Forget freeze-dried gravy in a bag. Humans in space have just consumed real, leafy greens they grew in microgravity.
NASA posted a YouTube video today that shows Expedition 44 astronauts Scott Kelly, Kjell Lindgren, and Kimiya Yui toasting some of their crop of lettuce before eating it and saying, "That's awesome."
The crew grew the red "Outredgeous" romaine using the International Space Station's "Veggie" plant growth system, the first fresh food production system in space, which was sent to the ISS last April.
How'd they grow the lettuce? Veggie (actual experiment name Veg-01) is a collapsible, expandable unit that uses red, blue, and green LEDs to grow plants. The seeds come in "pillows" that Kelly activated July 8 and grew for 33 days before harvest. Last May, however, the first batch of pillows was activated and cared for by Expedition 39 engineer Steve Swanson. That lettuce also grew for 33 days and was harvested and returned to Earth instead of being eaten. This time around, half the lettuce is set aside to be consumed, while the rest will be sent back home for further study.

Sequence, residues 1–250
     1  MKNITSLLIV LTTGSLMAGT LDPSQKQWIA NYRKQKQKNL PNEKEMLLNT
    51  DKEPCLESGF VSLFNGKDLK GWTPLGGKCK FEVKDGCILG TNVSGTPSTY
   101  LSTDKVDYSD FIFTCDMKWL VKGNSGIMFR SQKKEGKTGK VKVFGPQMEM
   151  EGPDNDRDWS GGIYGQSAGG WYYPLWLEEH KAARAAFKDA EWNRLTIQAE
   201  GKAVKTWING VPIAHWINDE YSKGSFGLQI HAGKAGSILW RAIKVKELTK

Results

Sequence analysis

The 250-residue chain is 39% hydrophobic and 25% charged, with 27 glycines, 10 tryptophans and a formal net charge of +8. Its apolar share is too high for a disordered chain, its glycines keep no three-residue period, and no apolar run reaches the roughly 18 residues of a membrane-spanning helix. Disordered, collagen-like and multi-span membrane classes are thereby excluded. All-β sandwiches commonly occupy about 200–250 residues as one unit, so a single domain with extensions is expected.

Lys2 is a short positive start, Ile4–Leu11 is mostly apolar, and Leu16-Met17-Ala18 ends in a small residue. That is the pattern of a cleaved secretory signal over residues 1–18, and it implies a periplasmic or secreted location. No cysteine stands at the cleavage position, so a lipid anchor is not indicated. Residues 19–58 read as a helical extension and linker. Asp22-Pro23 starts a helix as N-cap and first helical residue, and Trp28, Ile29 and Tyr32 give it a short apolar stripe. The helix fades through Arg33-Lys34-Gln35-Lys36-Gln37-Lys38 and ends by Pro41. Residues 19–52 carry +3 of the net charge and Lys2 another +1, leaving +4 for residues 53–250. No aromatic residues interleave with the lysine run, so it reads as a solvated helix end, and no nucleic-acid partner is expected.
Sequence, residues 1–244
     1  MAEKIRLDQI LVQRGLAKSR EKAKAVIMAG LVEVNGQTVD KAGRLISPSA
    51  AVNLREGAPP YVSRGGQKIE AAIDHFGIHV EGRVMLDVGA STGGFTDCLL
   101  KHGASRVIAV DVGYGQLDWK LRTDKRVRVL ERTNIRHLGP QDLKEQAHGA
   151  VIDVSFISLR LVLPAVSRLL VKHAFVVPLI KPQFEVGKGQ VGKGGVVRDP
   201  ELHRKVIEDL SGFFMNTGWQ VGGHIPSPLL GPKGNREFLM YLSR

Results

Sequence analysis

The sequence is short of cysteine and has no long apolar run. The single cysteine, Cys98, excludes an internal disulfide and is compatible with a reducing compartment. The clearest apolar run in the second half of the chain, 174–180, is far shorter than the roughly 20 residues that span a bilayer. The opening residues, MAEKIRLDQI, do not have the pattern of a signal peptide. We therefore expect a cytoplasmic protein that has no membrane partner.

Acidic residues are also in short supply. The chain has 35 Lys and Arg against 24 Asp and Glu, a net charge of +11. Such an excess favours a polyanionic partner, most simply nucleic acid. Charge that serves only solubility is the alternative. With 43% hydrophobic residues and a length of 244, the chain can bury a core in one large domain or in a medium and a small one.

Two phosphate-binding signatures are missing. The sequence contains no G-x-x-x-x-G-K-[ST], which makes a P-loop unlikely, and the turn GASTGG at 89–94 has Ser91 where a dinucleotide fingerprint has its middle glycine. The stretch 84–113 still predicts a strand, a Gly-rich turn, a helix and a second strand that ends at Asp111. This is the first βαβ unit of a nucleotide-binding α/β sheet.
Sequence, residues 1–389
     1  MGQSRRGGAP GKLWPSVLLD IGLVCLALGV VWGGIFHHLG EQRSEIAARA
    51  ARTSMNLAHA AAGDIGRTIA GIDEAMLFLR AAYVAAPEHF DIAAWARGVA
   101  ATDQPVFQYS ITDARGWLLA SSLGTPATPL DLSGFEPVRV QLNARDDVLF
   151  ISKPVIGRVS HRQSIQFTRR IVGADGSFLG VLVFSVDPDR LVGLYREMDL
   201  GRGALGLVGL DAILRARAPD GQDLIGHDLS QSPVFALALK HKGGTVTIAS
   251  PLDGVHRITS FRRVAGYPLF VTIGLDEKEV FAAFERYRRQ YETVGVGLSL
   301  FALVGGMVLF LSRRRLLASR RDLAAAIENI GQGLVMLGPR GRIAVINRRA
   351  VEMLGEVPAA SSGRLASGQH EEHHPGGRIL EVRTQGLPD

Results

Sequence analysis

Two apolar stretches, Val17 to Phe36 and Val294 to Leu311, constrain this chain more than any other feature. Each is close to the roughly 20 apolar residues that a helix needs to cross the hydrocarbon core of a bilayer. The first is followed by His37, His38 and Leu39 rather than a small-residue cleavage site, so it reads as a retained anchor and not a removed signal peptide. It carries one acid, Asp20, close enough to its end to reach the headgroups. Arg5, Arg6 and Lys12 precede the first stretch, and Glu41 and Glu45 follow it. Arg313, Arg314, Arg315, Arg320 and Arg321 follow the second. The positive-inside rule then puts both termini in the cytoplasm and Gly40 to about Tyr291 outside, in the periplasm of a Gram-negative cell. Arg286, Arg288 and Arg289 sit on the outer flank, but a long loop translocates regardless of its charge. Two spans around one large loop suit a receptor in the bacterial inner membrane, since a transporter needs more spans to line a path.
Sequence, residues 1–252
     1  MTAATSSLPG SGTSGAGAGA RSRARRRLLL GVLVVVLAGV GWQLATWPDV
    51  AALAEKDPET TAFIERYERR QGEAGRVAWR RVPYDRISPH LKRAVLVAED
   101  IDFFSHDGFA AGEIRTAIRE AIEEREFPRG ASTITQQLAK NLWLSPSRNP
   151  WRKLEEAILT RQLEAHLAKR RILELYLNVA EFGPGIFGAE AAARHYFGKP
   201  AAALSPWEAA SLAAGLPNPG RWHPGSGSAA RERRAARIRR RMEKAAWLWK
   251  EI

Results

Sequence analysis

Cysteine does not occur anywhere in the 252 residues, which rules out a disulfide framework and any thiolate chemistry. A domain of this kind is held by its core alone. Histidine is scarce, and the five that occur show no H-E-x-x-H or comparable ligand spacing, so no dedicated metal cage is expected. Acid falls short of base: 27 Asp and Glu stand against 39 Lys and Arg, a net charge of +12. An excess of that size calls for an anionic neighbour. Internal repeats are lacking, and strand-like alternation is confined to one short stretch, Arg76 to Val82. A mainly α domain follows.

The lab's interesting pink hue is a combo of those red and blue lights. Green LEDs don't emit as much light, but NASA says they're included so that the lettuce looks like lettuce instead of "weird purple plants."
Growing food in space is a new and exciting culinary frontier. NASA wants to use Veggie to eventually provide pioneers to Mars with the means of growing sustainable food for deep space missions, and just last week, it was announced the most acclaimed whisky on Earth is also being launched to the ISS. Researchers want to study microgravity's effect on alcohol and figure out why ageing makes some alcohol taste better.
Astronauts won't drink the booze, unfortunately. But if they can eventually pair those organic space greens with fine spirits, astronauts' palates are set to become way more sophisticated.
Here's an artist rendering of what sustainable food systems could look like on Mars. Credit: NASA